Another Green World (studio album) by Brian Eno
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Brian Eno bestography
Another Green World is ranked as the best album by Brian Eno.
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This album is rated in the top 1% of all albums on BestEverAlbums.com. This album has a Bayesian average rating of 83.3/100, a mean average of 82.7/100, and a trimmed mean (excluding outliers) of 83.4/100. The standard deviation for this album is 14.5.
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This album is Eno at its best in my opinion. The music is accessible whilst holding onto the experimentation that he was known for. This leads to some outstanding tracks that are both complex yet infectious with the peak of this coming on St Elmo's Fire. Eno displays the beauty of his music on here as he gives us some truly brilliant performances across the whole album. When you look at some of the talent on here it is not difficult to understand why the quality is so high. He has brought together a sensational ensemble which he leads very effectively. The performances of John Cale and Robert Fripp come to mind with the latter giving us some great guitar moments throughout. The production is of a very high quality as well and the music sounds fresh even to this day. Overall, Eno is at his best as everything just seems to come together on this album which makes it a cohesive experience and a great record.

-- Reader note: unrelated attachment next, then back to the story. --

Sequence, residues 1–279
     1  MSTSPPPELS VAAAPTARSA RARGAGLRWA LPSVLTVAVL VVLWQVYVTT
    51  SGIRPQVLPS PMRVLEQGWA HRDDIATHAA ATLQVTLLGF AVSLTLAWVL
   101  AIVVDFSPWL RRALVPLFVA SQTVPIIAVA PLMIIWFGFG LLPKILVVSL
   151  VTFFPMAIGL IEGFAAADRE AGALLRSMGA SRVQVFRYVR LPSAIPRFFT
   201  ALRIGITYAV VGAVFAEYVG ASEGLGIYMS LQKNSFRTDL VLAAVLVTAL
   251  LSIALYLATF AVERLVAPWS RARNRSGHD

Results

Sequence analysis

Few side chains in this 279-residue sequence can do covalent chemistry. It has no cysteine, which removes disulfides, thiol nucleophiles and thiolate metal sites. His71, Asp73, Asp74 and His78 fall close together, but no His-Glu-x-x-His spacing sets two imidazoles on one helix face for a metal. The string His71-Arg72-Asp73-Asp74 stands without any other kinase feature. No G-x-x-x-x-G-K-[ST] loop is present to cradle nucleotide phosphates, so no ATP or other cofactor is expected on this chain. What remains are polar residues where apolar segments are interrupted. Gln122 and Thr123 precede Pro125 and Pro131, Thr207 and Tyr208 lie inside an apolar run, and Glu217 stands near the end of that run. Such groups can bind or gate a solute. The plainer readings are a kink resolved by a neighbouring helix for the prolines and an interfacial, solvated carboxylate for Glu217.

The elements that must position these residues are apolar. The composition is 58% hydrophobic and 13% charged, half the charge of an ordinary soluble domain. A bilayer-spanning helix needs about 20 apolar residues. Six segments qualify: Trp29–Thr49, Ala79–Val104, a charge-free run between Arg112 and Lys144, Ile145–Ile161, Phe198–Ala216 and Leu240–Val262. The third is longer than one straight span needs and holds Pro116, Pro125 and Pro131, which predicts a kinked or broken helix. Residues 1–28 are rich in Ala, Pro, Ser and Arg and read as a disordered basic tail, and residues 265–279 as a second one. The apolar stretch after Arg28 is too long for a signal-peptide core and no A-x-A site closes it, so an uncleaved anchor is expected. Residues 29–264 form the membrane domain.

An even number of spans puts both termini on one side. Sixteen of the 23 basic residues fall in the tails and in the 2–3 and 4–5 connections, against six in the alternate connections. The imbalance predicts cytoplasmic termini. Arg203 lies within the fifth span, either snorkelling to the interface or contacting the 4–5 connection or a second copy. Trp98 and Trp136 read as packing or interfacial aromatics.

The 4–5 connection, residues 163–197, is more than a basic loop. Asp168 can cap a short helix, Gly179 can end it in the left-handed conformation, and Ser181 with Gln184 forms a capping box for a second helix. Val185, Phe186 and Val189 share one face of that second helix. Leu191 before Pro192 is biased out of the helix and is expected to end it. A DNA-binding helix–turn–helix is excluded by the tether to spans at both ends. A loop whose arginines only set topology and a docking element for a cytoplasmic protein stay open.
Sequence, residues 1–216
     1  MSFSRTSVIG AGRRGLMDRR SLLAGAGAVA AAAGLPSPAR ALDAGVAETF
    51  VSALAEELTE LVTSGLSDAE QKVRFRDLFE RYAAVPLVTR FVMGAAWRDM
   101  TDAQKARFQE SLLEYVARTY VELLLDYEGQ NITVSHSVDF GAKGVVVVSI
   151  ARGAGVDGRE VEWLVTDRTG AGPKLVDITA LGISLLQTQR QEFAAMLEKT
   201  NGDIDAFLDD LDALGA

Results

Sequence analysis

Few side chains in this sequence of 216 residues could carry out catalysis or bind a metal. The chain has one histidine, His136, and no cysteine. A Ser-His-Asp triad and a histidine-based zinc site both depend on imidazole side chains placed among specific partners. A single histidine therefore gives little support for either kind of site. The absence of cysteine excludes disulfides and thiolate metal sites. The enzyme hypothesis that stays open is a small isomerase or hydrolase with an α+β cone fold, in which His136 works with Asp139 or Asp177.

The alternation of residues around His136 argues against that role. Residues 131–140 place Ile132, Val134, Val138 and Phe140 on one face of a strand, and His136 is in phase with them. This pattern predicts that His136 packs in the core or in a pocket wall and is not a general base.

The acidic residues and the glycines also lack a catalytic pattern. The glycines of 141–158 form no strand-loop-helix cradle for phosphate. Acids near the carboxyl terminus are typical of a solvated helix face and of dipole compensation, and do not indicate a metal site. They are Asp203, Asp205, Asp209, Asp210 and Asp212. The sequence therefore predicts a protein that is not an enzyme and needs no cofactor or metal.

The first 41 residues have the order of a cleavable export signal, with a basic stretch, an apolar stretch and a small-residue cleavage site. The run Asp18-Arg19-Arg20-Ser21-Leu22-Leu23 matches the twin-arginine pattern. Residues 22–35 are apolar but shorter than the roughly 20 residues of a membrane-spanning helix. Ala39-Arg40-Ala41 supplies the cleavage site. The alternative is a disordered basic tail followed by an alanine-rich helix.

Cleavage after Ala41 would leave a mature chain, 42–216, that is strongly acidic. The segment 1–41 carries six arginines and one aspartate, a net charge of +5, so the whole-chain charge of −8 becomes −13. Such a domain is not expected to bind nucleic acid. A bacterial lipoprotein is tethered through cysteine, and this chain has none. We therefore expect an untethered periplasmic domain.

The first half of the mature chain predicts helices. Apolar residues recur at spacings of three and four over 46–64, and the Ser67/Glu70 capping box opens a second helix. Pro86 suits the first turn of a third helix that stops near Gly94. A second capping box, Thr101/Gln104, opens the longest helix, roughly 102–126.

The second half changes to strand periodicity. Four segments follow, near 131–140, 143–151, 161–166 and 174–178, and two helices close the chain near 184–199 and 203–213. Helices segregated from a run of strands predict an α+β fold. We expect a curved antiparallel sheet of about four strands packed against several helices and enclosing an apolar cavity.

Perhaps there is no figure who approached music as a science more capably than Suffolk's sagacious Brian Eno. Eno, the preeminent sonic architect, crafts his tiniest compositions with the delicacy of an artisan with his most grandiose and longform exhibitions resembling sprawling city blocks designed for optimal traversing, with each street name and traffic sign strategically plotted and placed. It seems as if any resulting emotional potency is unintentional, or at least, coincidental. Eno never sought out a comfortable groove in which to ride out his over fifty-year career. Instead, he opted to eschew convention and complacency, hell bent on meeting fresh, uncultivated sediment which was ripe for exploration. After opting out of Bryan Ferry's gyrating, glam force majeure, 'Roxy Music', Eno's subsequent musical forays produced far less immediate and less carnal fruits. Often categorized by complexity and an inherent pension for the abstract, his first pair of solo efforts embraced the unconventional, just as Ferry's project had, but now it was on his own terms as he set coordinates for the great beyond. It wouldn't be out of line to declare that nobody quite looked at music the way that Brian Eno did and, by 1975, he had severed the tendrils of his peers and was ready to deliver a idiosyncratic, alien, and career defining artifact.